and mother, together with several
brothers and sisters and a tiost of
friends. The funeral was conducted
from the home ami the body laid to
rest in Harris cemetery. We extend
sympathy to the sorrowing relatives.
Barada Couple Married.
Special from Barada.
Mr. Walter Morehead and Miss
Katie Prosser gave ttieir friends a
surprise by slipping away on Thurs
day, Nov. 4, in their automobile to
Rockport, Mo., and being quietly mar
ried. The news beat them home, how
ever, and they were given a royal
welcome when they returned. This
estimable young couple have grown
to manhood and womanhood in our
midst and their friends are many. We
had hoped to still keep them with us
but. their plans were otherwise. They
went on Saturday to their new home
in Brown county, Kas., where the
groom has a fine farm. A host of
good wishes and congratulations fol
low them.
Infant Died at Stella.
Special from Stella.
The two month’s old son of Mr. and
Mrs. Zura Armstrong died Thursday
evening, Nov. 4th, after an illness
of about two weeks, caused by in
digestion. He was an only child and
the death seems more sad, as these
parents were called upon to part, with
a little son of about the same age a
year ogo last Fourth of .July. The |
funeral was held at the home north
of town Saturday afternoon and the'
remains brought to Stella cemetery
for burial. The entire community
sympathizes with these parents in this!
their second sad bereavement.
Taks His Own Life Had Been Liv
ing Apart Crime Witnessed
By Youthful Son
The news of a shocking murder, fol
lowed by the suicide af the murderer,
which occurred on the Hanker farm,
a mile southeast of Salem, reached
this city early Tuesday afternoon. A
month ago (Mark Inks and his wife
Quarreled and since that time lie
lias been living witli his sons on an
other farm southwest of Salem.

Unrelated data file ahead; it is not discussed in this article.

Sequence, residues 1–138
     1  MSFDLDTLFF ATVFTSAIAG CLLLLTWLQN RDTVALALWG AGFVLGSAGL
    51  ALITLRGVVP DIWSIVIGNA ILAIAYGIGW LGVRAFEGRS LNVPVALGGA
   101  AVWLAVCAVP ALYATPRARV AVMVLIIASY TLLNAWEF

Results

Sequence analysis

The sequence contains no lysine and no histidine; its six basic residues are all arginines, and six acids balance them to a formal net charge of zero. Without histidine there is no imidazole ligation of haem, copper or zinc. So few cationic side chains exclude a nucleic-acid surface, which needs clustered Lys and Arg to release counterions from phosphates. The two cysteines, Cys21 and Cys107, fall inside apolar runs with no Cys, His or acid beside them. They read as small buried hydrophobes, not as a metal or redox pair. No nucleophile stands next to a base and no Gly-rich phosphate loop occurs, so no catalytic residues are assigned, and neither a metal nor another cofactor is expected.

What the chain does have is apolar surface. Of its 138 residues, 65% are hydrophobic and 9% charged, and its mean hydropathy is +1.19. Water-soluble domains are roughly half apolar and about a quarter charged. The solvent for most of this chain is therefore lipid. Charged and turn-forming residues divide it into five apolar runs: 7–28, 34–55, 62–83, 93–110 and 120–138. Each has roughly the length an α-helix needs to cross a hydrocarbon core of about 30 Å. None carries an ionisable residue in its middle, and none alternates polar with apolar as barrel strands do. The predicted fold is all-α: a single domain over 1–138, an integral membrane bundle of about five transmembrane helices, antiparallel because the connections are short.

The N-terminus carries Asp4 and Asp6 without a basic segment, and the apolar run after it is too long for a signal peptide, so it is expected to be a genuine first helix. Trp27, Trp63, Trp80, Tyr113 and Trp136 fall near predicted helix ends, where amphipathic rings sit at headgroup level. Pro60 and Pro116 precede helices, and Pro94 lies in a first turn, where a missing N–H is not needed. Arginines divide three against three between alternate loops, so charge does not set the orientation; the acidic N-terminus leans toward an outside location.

This was one of many family dif
ficulties, and since their separation
Inks had been constantly trying to
get possession of Ills youngest son, a
boy about twelve years of age. Sev
eral times lie bus gone to the school
house after him and finally the mothe
kept tin' boy at home.
In ti lling the story of the shooting
in the authorities the hoy says lie
and his mother saw the father cumin
about one o'clock Tuesday and ran
into Hie bedroom, locking the door.
When Inks found the door locked in
got the axe and broke it down. Mrs.
Inks seen him with the rifle and tried
in her desperation to get it away
from iiiin t The house showed evi
dence of a terrible struggle). Inks
broke away from her and fired, the
ball entering her right arm. She ran
out of the house and started across
a field. Inks overtook her a short
distance from the house, put the rifle
barrel between her shoulders and
fired. When she fell, dead, lie re
turned to the house.
The hoy. who had seen the shoot
ing, tried to hide when he saw the
father coming, fearing he would shoot
him. Inks found his boy in the rear
of tlie house and gave him $:!t> pen
sion money lie had drawn that day,
saying. "Here, you can keep this.”
lie then walked to the front yard and
sent a bullet through his own head
with tlie same rifle lie had JtiHt killed
his wife.
Mr. Goolsby, passing by, saw Inks
chasing liis wife and saw him shoot
her, but before he could reach the
house to try to prevent it the man
had killed himself.
Inks was a man about sixty years
of age and his wife about forty-eight,
lie married her when she was but
fourteen and they have married child
ren. There had been trouble of more
of less serious nature several times
Coroner Iteneker and Sheriff Ken
ton were notified and went to the
Inks home at once The inquest was
speedily terminated, as the boy's
story was corroborated in the essen
tial points by Mr. Goolsby, and the
family difficulties proven by several
The verdict was to the effect that
Mary Inks came to her death by a
shot fired by her husband, Clark Inks
who afterward shot himself.
Don’t Keep Them Away.
The poorest policy and the worst
economy is to keep the children out
of school. Kvery day lost has Its
manifold effort; the knowledge gain
ed on that day is missed, pupil is
thrown behind, becomes discouraged,
lias a bad effect on the elass and the
very habit Is to be avoided. To
make our schools eminently success
ful there should be tin* co-operation
of teachers, scholars and parents
The first two we have. Will the par
ents now do their duty.
Basket Ball.
The Auburn basket ball boys will
come down Saturday to try hard to
defeat the Falls City boys. They are
coming witli “blood jn their eyes."